In terms of local films, 2018 didn’t have quite the impact of say, 2013, when Anthony Chen’s Ilo Ilo was practically hailed as the new messiah. Still, there were some highs (and lows, depending who you ask) this year. Before 2018 bows out, here’s a quick recap on all the SG films that kept people talking:

A Land Imagined

A Land Imagined by director Yeo Siew Hua snagged the Golden Leopard award (the top prize) at the prestigious Locarno Film Festival back in August, becoming the first Singapore director to do so. The surrealist work follows a police investigator as he sets out to solve the mystery behind the disappearance of a migrant Chinese construction worker from a land reclamation site.

Making its local premiere at the Singapore International Film Festival earlier this month, the screening quickly sold out and the work also won Best Film at the festival’s Asian Feature Film Competition. We’re waiting for more screenings to be held.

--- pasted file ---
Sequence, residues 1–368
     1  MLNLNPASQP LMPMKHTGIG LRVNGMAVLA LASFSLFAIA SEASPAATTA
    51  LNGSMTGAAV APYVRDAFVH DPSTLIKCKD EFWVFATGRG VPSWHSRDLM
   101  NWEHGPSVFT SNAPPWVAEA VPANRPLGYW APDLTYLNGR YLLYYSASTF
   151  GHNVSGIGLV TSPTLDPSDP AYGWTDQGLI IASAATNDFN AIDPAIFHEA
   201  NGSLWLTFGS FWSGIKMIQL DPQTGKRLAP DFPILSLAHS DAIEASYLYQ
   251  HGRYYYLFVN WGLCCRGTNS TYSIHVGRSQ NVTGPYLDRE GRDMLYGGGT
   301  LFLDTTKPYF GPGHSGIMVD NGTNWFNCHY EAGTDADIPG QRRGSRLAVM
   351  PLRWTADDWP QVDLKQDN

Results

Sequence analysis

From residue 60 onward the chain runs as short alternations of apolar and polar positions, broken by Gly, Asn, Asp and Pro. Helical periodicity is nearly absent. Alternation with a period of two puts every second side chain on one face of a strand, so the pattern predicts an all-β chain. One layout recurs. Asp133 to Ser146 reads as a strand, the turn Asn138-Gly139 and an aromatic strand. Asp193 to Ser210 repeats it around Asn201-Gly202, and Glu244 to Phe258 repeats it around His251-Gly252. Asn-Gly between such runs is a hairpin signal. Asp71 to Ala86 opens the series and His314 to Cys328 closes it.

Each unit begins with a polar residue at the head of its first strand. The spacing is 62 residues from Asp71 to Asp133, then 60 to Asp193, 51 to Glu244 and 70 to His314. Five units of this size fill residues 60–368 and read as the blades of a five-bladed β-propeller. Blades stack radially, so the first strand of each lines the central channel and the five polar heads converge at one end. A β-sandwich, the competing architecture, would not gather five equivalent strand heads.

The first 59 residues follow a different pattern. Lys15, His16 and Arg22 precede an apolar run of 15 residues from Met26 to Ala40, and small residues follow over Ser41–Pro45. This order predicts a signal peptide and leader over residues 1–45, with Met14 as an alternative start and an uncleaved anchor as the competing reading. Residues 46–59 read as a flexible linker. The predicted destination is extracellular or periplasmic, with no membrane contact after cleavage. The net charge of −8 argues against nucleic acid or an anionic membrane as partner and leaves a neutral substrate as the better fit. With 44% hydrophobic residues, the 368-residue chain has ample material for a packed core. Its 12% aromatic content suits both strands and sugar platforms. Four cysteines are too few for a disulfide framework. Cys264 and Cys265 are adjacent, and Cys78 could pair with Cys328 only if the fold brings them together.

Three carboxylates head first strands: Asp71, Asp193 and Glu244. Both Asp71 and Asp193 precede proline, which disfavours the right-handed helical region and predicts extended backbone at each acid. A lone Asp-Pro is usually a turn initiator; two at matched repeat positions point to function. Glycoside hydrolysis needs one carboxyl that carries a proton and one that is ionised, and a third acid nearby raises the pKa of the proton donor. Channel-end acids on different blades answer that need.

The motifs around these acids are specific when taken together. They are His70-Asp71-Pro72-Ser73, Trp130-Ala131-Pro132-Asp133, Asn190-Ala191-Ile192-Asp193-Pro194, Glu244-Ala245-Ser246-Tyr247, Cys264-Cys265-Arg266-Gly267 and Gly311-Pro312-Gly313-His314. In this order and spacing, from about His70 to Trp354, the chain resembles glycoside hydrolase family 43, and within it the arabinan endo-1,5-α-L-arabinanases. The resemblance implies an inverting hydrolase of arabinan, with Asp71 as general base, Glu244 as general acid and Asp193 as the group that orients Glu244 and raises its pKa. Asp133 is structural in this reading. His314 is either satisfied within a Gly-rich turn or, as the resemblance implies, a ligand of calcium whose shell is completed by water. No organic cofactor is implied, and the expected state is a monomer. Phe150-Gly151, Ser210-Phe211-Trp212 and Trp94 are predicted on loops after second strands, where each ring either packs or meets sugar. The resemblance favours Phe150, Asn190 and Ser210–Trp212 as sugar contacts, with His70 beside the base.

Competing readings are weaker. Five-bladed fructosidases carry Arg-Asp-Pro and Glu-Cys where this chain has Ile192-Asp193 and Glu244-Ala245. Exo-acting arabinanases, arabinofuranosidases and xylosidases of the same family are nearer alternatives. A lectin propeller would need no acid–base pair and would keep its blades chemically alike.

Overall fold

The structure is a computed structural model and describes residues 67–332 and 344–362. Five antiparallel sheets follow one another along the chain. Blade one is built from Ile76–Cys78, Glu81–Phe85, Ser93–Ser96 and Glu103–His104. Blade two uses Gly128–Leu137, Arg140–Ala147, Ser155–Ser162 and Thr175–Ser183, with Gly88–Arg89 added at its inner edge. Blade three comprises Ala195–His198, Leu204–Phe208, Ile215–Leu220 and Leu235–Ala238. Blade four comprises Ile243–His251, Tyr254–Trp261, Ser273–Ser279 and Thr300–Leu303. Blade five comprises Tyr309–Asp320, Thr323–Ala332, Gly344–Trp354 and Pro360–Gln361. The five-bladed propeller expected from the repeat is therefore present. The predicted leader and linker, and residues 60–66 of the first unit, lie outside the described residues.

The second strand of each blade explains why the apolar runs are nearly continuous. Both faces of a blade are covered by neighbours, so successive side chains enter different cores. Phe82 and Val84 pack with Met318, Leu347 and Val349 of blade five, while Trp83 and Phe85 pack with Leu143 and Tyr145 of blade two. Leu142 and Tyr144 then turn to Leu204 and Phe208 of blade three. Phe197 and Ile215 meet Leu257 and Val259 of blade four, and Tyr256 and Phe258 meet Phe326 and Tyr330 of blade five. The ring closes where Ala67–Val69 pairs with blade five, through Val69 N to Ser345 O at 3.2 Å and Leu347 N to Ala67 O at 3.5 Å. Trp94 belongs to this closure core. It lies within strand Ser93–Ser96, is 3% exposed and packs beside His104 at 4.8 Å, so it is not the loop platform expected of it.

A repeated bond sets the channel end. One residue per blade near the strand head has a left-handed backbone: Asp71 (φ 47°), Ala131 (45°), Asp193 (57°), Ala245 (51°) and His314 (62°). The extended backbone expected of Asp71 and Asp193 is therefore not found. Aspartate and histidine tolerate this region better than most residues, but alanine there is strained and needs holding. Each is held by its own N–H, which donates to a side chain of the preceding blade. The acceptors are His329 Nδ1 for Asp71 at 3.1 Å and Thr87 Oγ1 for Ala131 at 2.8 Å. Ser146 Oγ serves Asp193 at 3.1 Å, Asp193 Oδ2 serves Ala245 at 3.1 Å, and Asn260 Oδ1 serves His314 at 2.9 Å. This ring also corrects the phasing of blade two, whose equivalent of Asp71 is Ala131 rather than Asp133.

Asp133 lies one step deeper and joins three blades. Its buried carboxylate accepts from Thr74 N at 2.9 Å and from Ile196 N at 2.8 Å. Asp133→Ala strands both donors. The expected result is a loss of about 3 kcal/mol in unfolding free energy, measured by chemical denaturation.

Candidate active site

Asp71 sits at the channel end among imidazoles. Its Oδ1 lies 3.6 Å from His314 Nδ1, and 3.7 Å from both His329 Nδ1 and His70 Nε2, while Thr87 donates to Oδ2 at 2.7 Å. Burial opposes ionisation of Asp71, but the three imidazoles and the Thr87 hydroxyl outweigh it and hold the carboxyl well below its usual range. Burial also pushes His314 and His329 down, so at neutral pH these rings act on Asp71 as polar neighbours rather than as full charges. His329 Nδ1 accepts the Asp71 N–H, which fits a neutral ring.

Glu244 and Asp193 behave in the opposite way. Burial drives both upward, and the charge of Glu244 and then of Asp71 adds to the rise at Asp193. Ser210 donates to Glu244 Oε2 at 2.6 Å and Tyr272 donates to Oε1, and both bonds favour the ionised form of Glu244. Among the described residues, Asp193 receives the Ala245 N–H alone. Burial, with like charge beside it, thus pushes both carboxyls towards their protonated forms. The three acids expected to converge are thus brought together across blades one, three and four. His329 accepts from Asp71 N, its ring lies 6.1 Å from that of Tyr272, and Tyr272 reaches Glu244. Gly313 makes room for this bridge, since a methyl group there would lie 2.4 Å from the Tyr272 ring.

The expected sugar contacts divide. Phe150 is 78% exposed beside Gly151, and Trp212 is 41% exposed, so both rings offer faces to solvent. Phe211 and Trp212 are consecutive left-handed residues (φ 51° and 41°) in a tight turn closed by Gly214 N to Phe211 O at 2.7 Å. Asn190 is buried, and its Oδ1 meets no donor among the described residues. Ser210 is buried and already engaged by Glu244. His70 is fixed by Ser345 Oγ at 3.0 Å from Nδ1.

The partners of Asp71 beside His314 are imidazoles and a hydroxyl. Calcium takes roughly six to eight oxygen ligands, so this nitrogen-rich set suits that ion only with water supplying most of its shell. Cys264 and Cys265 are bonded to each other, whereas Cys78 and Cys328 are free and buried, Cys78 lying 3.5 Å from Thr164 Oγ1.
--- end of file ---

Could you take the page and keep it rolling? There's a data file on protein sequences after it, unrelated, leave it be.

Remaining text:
Benjamin’s Last Day At Katong Swimming Complex

While this 15-minute short has yet to make its local debut, Benjamin’s Last Day At Katong Swimming Complex grabbed the headlines in June when it picked up the top prize (against more than 10,000 submissions from 130 countries) at the Tokyo Short Shorts Film Festival and Asia 2018 — one of the key qualifying festivals for the Oscars.

Directed by Chai Yee Wei, the film focuses on themes of (lost) heritage and a young boy’s “sexual awakening”. The work represents Chai’s first short film in over a decade. Check out the trailer here.


You’ll most probably have caught Sandi Tan’s Shirkers by now (it’s streaming on Netflix) but if you haven’t, here’s all you need to know about this super hyped documentary (it is worth the hype) in a nutshell.

Also, catch our interview with the director on topics such as how her self-made zine The Exploding Cat made it big internationally (this was pre-Internet, mind) in the January 2019 issue of Female, out now.

Ramen Teh

Celebrated auteur Eric Khoo’s latest venture, Ramen Teh‘s title is a portmanteau of ramen and bak kut teh. It follows a Japanese ramen chef who travels to Singapore in a bid to find his long-lost relatives (he’s half Singaporean) and obviously food is the central theme to uniting both cultures. While it may not have the ominous undertones of Khoo’s earlier works such as Mee Pok Man, this is one film guaranteed to have you heading straight to grab a bite after.

Crazy Rich Asians

Love it or hate it, there’s no denying that Crazy Rich Asians was an unavoidable topic this year — after all, the title of this article says buzziest, not the best — Singapore films of the year.